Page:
Essay by Yasodara Córdova and Tiago Peixoto: “According to the World Bank’s Digital Dividends report, fewer than 20 percent of digital government projects are successes. Particularly in developing countries, these numbers are often associated with a number of challenges: limited funding, stretched implementation capacity, and political instability, to name a few. Yet, even in developing countries, despite similar conditions, some projects seem to fare better than others. Why is that?
The projects we have worked with in the global south have followed a similar pattern. While there were successes, many projects have failed. We have learned a few things along the way, that we think relate directly to the success or failure of digital government projects. These are not scientific conclusions, they’re personal impressions based on what we’ve seen and experienced.
1. Information first, services afterwards
A basic function of digital government is the provision of actionable information concerning public services, by they online or offline (e.g. opening hours, documents required for services, and so on). Even more so in developing countries, where most public services are in-person, paper-based, and often involve multiple steps. Yet, fueled by international rankings and benchmarks, governments are often eager to skip stages in their digital journey. This leads them to attempt, and often fail, to provide transactional digital services, before they can even learn how to offer basic information about these services. The first step in effective transformation should be offering information to users in a simple and accessible manner. Done well, that forms a good foundation for the next step: delivering digital services.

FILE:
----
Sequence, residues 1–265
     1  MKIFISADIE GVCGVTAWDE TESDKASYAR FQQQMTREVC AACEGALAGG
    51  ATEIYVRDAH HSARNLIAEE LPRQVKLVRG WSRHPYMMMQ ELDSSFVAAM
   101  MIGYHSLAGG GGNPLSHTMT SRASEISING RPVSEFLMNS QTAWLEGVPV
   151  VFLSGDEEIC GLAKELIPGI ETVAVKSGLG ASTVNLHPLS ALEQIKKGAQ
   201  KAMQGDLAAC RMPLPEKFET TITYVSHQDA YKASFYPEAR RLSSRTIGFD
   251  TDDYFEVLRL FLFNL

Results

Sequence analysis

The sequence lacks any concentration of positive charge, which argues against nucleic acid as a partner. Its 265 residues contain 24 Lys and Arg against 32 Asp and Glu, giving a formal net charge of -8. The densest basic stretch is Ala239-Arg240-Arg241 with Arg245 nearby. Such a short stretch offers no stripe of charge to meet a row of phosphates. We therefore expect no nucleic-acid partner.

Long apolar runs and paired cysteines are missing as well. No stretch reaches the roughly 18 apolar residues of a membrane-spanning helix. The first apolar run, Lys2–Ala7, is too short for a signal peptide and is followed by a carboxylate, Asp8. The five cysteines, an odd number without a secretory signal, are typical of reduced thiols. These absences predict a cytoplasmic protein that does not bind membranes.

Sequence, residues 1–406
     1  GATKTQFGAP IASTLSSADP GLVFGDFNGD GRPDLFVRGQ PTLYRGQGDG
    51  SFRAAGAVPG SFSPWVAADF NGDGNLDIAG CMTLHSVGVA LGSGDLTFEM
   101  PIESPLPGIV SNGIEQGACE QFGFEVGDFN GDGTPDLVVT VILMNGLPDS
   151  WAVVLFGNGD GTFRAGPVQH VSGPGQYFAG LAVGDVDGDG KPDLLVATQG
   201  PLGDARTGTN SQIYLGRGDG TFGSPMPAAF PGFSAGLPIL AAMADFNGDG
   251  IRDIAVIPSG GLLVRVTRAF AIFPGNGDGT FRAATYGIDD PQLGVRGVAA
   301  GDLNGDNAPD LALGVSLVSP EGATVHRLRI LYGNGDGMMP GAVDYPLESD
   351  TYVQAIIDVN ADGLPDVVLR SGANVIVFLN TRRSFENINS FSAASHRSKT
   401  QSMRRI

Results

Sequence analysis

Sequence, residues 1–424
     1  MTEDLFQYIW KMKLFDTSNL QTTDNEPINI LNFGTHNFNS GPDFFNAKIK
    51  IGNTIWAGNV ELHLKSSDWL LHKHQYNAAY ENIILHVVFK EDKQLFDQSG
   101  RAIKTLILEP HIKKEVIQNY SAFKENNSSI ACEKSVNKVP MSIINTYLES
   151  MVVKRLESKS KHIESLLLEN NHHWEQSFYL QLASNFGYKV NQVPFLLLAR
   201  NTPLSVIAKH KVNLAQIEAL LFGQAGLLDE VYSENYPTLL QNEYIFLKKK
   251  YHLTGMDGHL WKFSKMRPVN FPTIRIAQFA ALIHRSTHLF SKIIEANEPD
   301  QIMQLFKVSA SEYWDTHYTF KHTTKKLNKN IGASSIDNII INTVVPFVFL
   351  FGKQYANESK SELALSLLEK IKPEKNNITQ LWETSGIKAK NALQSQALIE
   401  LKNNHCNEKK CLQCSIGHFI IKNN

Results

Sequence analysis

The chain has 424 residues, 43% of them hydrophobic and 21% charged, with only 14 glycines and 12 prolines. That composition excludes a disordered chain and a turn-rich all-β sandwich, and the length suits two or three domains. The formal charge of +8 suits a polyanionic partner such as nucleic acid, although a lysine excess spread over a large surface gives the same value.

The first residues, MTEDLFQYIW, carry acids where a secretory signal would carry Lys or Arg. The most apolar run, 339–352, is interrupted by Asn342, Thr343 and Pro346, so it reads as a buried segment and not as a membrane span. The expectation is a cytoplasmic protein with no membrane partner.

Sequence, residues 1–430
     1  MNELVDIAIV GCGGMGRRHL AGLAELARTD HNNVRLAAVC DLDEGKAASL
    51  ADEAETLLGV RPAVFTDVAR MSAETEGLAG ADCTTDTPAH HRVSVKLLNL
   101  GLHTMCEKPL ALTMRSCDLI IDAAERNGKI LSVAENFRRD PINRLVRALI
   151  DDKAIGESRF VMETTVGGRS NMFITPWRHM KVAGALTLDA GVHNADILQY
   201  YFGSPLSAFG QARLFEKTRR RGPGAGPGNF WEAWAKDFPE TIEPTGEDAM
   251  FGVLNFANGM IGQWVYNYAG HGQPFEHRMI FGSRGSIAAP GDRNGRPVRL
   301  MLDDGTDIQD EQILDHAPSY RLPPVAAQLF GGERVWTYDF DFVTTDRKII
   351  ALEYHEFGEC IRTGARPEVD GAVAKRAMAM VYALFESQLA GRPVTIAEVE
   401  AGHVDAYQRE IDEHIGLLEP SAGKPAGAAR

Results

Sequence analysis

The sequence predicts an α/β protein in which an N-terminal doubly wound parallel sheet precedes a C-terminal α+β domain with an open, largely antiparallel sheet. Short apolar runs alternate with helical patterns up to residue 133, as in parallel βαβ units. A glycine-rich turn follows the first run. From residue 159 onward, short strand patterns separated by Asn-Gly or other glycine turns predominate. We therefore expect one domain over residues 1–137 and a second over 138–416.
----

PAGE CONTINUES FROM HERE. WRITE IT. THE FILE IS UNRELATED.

2. Prioritise the things that will make the biggest difference
Remember that public service delivery follows a power law distribution: a small number of services account for the vast majority of transactions with government. Which these services are will vary according to country, level of government, and models of public service delivery. When the time comes to decide where to start, don’t rely on cookie-cutter lists of services to be digitized. Instead, find out which ones are the most used, and will have the greatest impact. Start with the ones that can be delivered faster, and that are most likely to make users’ lives easier.
3. Don’t digitise the mess
The fact that a process exists doesn’t mean it’s a good process. Transformation is an opportunity to radically rethink how things work. We’ve seen examples including, for instance, requiring multiple copies of a single document, or imposing more procedures on women than men to open a business. When there is inefficiency in a service, map the bottlenecks and think about how to streamline the process. Don’t just digitise the bottlenecks, they will keep on being an expensive problem. Resist the temptation to digitise things that should not exist in the first place. …(More)”.